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Festival review: The Magic Flute

Adelaide Festival

The Adelaide Festival’s centrepiece opera is funny, delightful and, at first glance, baffling: an Enlightenment celebration of the power of music and reason blasted by a rocket filled with fireworks into the contemporary world via the aesthetics of the silent film era.

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If that sounds a bit incoherent, don’t worry: on the stage, Barrie Kosky’s celebrated production of Mozart’s most-performed opera makes perfect aural and visual sense.

The collaboration between Komische Oper Berlin and London-based 1927 – which brought Golem to the 2016 Adelaide Festival – counter-intuitively makes more sense of Mozart’s convoluted, coded story than more traditional productions seen by this reviewer.

The “set” is essentially a white wall, with a range of cut-outs reminiscent of an Advent calendar. This allow 1927’s magical animations to be projected, turning a static singer into a running man; the Queen of the Night into a magnificent spider; a trippy dreamscape for the lovelorn male protagonists.

It’s a masterpiece of technical directing: the singers, chorus and ASO in the pit must sync perfectly with the visuals, which allow, as Kosky has pointed out, a myriad of “sets” – far more than would be technically feasible in a conventional staging.

The characters are all reminiscent of the silent film era, which ended, notably, in 1927. So our hero prince Tamino (Aaron Blake) is Buster Keaton, Pamina (Kim-Lillian Strebel) a Louise Brooks lookalike, the henchman Monostatos (Emil Ławecki) a dead ringer for Max Schreck in Nosferatu, and so on.

The traditionally “sung-spoken” parts of the dialogue are projected as silent movie captions, accompanied by Mozart fantasias played on a fortepiano, sounding for all the world like we were sitting in a 1920s cinema listening to a tinkly, wonky piano. Amazing.

The story has always been one of the more confusing in the traditional opera canon. Tamino is sent on a quest by the Queen of the Night to rescue her daughter, held captive by the apparently evil Sarastro. Tamino is accompanied by the affable but lovelorn bird-catcher Papageno (Tom Erik Lie). In the realm of Sarastro – a kind of Oz-like place in this production, guarded by mechanical monkeys and giant steampunk figures – Tamino, Pamina and Papageno are subjected to trials placed in the way of their happiness (including, of course, a trial of “silence”).

Along the way, Mozart throws in some Freemason numeric symbolism (three ladies do the Queen’s bidding and three boys, brilliantly sung by Ludwig Bachmayer, Gero Horn and Friedrich Von Lewinski, provide timely advice and help to the heroes). Tamino is given a magic flute to protect him (personified by a Tinkerbell-like animation) and Papageno some magic bells (brought to life as cartoonish dancers).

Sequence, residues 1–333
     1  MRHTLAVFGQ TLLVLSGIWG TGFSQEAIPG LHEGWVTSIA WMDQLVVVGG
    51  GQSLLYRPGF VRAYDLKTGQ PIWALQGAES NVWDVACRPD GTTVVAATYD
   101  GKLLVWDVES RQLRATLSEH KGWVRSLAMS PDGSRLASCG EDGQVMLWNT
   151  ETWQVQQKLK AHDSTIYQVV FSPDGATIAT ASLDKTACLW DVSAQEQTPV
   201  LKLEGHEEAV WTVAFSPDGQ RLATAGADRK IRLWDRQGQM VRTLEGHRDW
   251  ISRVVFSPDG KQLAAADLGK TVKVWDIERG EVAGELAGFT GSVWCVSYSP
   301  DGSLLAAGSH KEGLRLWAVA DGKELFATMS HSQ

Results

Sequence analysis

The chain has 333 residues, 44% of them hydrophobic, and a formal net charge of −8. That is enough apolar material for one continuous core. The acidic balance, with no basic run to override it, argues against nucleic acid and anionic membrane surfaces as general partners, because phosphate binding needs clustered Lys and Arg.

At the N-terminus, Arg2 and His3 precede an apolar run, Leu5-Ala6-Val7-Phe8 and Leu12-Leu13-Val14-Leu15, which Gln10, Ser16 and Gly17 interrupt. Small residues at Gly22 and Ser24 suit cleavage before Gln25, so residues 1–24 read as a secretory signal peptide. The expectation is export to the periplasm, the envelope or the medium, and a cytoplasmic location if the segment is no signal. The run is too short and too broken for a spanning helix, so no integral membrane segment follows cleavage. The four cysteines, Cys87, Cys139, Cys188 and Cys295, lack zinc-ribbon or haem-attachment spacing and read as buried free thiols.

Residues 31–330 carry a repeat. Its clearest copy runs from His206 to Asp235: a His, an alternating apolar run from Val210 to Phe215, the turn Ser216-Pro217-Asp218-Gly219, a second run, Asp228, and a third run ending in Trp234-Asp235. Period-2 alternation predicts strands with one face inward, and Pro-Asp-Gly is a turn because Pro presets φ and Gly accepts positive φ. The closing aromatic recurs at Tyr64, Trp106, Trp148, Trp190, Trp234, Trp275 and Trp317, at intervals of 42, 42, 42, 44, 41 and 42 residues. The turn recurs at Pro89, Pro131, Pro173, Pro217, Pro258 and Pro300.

The story is complex and, in many productions, utterly befuddling.

Strangely, though, the animation and the silent movie pastiche make sense of it all in a new way – it embraces the inherent weirdness of the plot. Presented in this way, you can see this a timeless, dream-like fairytale of love and honour, from which you can take what you will. It’s also funny, with 1927’s witty cartoons eliciting plenty of laughter on opening night.

Aleksandra Olczyk as the Queen of the Night and Kim-Lillian Strebel as Pamina. Photo: Tony Lewis

Above all though, as the opera’s name indicates, this is about the power of music – and none can demonstrate this more sweetly, more magnificently, than Mozart.

Aleksandra Olczyk as the gigantic, spider-like Queen of the Night has the show-stopping number: the coloratura tour-de-force that is the measure of operatic sopranos. Her beautifully clear, stunningly controlled performance was a highlight.

Strebel’s performance as Pamina, at first seemingly at threat of being overwhelmed by the aesthetic glory of her stylish Brooks bob and 1920s outfits, was another highlight, with a rich rendering of her arias.

At times I did wish that that cast could be freed from the constraints of animated interaction: they did occasionally appear like specimen butterflies, pinned to set while cartoons exploded in colour around them. But, overall, the staging offered a big pay-off.

And, taken as a whole, there was no compromise between style and substance – they work hand-in-hand.

As with Kosky’s production of Saul, one of the highlights of the 2017 Festival, The Magic Flute melds fresh ideas with a venerable piece of art in a way which, in the end, makes something both new and enduring. I like to think Mozart would be tickled at the idea that his lesson in the power of the rational over the superstitious would be brought to new audiences in such psychedelic fashion.

The Magic Flute plays at the Festival Theatre until March 3. See more Festival stories and reviews here.

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